How to reduce anxiety and improve your mood with a 5-minute daily practise

A recent study showed that a daily 5-min practise of mindfulness meditation or controlled breathing (‘breathwork’) was effective in reducing anxiety and improving mood.

But one particular type of breathwork, known as ‘cyclic sighing’ had the strongest effect on mood. And this effect increased with the number days practised.

In the study – from researchers at Stanford University – 114 students were instructed to perform 5 minutes of either mindfulness meditation or one of three different types of breathwork every day for a month. Mood and anxiety were assessed before and after the daily practise.

The three different types of breathwork were:

  • Cyclic sighing: A double inhale followed by a prolonged exhale
  • Box breathing: Equal duration of inhale, breath hold, exhale, breath hold
  • Cyclic hyperventilation with breath hold: Similar to Wim Hoff or Tummo breathing

Just 5 minutes of mindfulness meditation or any of the breathing exercises improved mood and reduced anxiety.

Let’s say that again. Spending just 5 minutes a day on mindfulness meditation or breathwork is enough to significantly reduce anxiety and improve mood. They take very little time or effort, they’re safe, they’re free, and they’re effective. There are not many health interventions about which you could say that!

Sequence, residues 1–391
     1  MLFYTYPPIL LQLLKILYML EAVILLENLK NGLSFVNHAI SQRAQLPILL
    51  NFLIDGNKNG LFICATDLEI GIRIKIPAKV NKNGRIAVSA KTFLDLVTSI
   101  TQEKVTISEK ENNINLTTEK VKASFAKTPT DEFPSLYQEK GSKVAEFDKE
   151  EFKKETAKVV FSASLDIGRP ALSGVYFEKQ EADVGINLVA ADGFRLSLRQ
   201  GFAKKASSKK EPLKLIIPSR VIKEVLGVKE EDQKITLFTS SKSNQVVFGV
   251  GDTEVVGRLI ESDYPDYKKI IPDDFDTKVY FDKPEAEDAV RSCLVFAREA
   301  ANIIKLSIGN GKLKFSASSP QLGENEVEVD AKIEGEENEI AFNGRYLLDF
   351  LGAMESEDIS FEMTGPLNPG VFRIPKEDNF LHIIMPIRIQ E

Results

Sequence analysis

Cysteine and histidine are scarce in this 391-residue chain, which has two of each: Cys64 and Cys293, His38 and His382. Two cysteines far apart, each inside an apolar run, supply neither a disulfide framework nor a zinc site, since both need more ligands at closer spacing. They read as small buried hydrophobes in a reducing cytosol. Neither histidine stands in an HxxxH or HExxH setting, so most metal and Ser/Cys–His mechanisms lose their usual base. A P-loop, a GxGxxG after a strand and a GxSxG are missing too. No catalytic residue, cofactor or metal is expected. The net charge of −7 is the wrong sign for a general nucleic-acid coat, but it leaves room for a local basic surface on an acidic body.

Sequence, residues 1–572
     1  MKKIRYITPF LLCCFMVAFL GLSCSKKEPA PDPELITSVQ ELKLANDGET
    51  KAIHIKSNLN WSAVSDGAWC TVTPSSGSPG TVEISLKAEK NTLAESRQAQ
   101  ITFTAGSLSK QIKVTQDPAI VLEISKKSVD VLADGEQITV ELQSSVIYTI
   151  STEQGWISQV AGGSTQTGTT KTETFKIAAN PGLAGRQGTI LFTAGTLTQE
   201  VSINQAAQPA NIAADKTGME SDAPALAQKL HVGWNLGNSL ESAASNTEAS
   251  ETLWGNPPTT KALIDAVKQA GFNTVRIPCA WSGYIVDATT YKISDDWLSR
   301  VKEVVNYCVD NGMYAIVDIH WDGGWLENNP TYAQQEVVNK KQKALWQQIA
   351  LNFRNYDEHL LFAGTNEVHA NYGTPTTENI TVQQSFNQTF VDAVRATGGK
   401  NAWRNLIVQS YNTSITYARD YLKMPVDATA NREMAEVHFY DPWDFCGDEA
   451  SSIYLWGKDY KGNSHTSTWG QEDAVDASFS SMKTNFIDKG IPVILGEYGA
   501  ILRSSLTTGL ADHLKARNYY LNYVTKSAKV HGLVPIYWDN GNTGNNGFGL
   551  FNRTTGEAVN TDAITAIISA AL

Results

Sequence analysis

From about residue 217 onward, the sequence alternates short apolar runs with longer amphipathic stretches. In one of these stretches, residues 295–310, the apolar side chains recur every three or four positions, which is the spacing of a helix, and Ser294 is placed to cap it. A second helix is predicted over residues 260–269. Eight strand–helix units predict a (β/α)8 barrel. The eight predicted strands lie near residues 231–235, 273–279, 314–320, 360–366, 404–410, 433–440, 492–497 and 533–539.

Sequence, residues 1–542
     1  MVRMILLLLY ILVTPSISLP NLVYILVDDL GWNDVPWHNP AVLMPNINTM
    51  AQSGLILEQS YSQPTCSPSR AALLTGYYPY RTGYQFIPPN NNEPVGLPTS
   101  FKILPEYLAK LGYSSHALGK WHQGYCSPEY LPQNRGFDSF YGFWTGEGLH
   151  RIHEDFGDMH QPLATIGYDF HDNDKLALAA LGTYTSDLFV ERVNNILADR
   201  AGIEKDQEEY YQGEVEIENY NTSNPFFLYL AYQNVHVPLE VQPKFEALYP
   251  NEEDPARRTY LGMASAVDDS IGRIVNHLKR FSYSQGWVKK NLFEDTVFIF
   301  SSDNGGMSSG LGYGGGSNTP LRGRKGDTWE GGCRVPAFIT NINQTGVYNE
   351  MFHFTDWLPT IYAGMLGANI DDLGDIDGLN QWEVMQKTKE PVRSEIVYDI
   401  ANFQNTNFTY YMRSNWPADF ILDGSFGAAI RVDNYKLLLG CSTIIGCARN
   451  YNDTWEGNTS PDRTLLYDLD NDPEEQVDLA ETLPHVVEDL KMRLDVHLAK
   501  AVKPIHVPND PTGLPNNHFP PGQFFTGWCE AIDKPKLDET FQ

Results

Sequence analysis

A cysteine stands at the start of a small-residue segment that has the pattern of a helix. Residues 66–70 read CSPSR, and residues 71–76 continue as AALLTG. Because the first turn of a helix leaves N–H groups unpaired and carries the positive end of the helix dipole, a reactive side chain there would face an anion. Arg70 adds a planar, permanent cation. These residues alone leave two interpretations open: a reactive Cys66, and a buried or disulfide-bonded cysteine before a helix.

But if you’re going to choose one, this study suggests that cyclic sighing is the best. It had a similar effect on reducing anxiety as the other tools, but a greater effect on lifting mood. And this effect increased over time. Here are the cyclic sighing instructions direct from the published paper:

“Participants were informed they should sit down in a chair or, if they prefer, to lie down, and to set a timer for 5 min. Then they were told to inhale slowly, and that once their lungs were expanded, to inhale again once more to maximally fill their lungs – even if the second inhale was shorter in duration and smaller in volume than the first, and then to slowly and fully exhale all their breath. They were told to repeat this pattern of breathing for 5 min. They were also informed that ideally, both inhales would be performed via their nose and the exhale would be performed via their mouth, but that if they preferred, they were welcome to do the breathing entirely through their nose. They were also informed that it is normal for the second inhale to be briefer than the first.”

It’s worth trying, isn’t it?

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